In the years that he has been gone, I have often spied my mother looking at me in a strange sort of way, in a way I have never seen her look at me, almost as if she were looking at someone else and I just happened to be in the way. I used to shrug it off as my imagining but one day, leaving home and headed for and appointment in peril of being missed, I stopped and asked her, rather irritable, “What is it? Why are you looking like that at me again?” She capped her brow with a palm and said, “Nothing, nothing, it isn’t you, it’s your father, sometimes, with some things, it is like he were blowing through you.” Here’s memory in unfathomable dimensions; it is the memory of one man but it has come to reside within me through various conscious and subconscious routes, and finds various exits – gait, voice, temper, manner, gesture, agitations, the trajectory of my eyebrows, the way I peer over my half-moons sometimes. To my mother, that same memory is an external, even physical, construct. She should know. She has spent more time watching the two of us, together and apart, than we could ever manage.
We all come attached to our mothers and keep going through a series of dis-engagements starting with the placenta at birth. There isn’t a choice about it that we have; attachments to mothers is one of the most essential givens of nature. Fathers are the variables of this equation. Their quantum is a matter of being worked out, about being deciphered through unwritten formulas. Fathers and offspring discover each other along the way or they don’t.
On the first night of my first real disengagement from my mother—my father had taken me, on my great insistence and on my many promises not too cry, to out north Bihar village to attend yearly rituals – I wailed so disconsolately for my mother, my father almost had to scrap the visit and ferry me back. In the event, he didn’t have to but that was achieved by unleashing his fury – one of the few times he did so – on me. I was barely four then and I was told I would never be going out with him again. I did. More times than I can remember. Then on, we never were on a journey not together until he turned the alley where entry is strictly by invitation. I remember him at the point where he forked off alone and forever.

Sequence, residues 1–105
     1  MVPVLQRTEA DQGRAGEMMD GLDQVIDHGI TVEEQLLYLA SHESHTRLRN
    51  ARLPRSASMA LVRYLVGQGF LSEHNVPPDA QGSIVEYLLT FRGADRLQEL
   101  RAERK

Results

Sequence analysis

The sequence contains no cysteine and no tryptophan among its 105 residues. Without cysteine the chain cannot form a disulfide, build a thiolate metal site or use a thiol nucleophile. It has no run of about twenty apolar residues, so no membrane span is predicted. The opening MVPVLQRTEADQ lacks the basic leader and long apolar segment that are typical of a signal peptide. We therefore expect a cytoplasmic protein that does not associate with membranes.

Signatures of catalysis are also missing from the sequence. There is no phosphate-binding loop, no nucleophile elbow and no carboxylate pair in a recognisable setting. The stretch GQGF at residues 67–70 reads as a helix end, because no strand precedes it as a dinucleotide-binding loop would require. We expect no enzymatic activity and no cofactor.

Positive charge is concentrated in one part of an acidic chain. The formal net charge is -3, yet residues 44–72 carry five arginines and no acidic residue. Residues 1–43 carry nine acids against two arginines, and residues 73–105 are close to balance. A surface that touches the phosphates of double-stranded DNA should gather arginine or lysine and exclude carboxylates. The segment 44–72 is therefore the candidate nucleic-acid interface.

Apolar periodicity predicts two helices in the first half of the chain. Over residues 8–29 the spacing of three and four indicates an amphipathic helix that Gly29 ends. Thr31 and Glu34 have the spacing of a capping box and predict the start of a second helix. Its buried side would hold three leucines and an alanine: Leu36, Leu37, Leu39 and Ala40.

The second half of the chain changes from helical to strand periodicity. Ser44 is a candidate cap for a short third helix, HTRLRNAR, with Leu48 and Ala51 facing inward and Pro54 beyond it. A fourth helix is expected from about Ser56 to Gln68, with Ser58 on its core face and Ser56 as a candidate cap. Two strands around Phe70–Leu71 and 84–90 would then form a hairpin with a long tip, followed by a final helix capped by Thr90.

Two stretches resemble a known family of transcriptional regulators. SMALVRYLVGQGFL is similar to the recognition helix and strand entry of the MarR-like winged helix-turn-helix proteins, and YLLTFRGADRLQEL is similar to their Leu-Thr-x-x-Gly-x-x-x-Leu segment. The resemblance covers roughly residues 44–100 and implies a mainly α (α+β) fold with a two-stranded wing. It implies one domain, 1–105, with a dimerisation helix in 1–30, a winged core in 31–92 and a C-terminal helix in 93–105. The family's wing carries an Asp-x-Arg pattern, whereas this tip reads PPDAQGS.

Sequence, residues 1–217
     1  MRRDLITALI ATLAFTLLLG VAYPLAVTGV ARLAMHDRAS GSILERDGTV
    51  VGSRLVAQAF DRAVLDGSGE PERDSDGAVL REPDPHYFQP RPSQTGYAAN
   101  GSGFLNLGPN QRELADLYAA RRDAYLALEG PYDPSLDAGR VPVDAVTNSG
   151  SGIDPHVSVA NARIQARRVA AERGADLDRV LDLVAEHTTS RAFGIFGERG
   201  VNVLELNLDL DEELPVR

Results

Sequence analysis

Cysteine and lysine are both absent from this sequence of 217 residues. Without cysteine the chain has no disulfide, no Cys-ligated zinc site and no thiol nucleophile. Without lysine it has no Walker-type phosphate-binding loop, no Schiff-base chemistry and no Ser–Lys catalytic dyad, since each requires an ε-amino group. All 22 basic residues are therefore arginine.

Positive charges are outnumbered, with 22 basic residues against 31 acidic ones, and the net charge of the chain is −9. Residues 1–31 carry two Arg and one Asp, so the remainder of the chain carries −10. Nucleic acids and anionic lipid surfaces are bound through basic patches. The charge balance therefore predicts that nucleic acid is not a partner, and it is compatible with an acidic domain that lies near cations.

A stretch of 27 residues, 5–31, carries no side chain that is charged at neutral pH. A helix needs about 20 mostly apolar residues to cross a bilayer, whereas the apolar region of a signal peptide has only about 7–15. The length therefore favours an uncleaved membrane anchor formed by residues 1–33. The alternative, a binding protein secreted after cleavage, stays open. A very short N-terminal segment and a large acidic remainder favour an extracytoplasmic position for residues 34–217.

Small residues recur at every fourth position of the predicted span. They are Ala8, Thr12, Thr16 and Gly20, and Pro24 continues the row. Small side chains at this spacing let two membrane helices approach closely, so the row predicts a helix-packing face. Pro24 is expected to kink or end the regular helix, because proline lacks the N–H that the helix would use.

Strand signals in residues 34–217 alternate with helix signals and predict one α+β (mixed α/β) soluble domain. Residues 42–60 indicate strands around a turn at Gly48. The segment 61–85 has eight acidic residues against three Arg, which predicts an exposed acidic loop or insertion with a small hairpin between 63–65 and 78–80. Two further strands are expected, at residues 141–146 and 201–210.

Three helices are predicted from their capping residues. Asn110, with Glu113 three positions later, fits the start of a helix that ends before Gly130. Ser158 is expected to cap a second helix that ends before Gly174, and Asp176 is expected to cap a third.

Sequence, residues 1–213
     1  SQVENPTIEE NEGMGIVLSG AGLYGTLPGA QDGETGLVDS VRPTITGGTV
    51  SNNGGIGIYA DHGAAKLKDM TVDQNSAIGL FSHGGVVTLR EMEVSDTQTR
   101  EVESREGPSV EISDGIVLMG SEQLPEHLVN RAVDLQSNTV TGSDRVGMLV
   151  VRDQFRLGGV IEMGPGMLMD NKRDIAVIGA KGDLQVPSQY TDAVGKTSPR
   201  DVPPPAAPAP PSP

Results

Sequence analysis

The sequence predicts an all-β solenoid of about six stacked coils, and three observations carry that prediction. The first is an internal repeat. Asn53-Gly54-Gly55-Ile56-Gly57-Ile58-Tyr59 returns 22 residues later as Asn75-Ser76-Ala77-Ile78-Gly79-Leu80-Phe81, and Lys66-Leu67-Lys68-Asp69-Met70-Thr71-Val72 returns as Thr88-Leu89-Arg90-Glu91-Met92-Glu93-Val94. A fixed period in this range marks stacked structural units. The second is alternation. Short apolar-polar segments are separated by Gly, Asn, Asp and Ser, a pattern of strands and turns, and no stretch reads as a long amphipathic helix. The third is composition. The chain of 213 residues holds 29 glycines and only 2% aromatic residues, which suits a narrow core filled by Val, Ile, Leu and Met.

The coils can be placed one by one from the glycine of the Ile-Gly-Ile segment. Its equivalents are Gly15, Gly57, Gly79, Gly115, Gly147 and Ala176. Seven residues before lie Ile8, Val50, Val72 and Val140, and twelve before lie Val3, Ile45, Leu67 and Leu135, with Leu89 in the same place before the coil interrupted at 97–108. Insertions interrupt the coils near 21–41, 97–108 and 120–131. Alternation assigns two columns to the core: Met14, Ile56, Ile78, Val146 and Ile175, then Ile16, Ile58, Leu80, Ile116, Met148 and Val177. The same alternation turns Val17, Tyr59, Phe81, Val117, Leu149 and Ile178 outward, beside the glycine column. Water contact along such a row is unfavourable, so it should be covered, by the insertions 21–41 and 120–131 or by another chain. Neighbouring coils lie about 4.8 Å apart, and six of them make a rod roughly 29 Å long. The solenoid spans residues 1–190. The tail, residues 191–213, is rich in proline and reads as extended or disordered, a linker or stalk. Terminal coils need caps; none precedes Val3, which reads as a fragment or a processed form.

It had to be Bombay, the city that he had grown to love so in such short a time that it could not have just been the sea. Or perhaps it was, I cannot yet reckon. I was on my way back from assignment in Goa to New Delhi and had stopped over to see my parents. But my stopover was shorter than short. Kargil, where military attrition was fast spiralling into what would become the war of 1999, was pressing, and I had to get the first flight out. We spent the morning together in my parents’ Colaba apartment and then my father said he would take a ride with me to Dhobitalao where he had ordered sets of old classics in a second-hand bookstore. He got down en route to Sahar and I touched his feet, as I always did at meetings and partings, and he crossed the road and waved. He was wearing, by some quirk, an ochre shirt and he beamed in the high Bombay noon. I remember thinking on the way to the airport what an odd father and son we made. We drank together and discussed Anais Nin at Leopold’s but it wasn’t ever that I left him without seeking his blessings the old-fashioned way, at his feet. He never demanded it but I have a sense he would have been disappointed if he didn’t. I never felt like not doing it, and that was only because I did not want to disappoint him. He borrowed cigarettes from me but there was something about him that forbade me to puff in front of him. I never did. He disliked me smoking, especially smoking too much. But all he ever did was to scribble advice and leave it in my books as markers. It takes two to tango and we both knew the rules.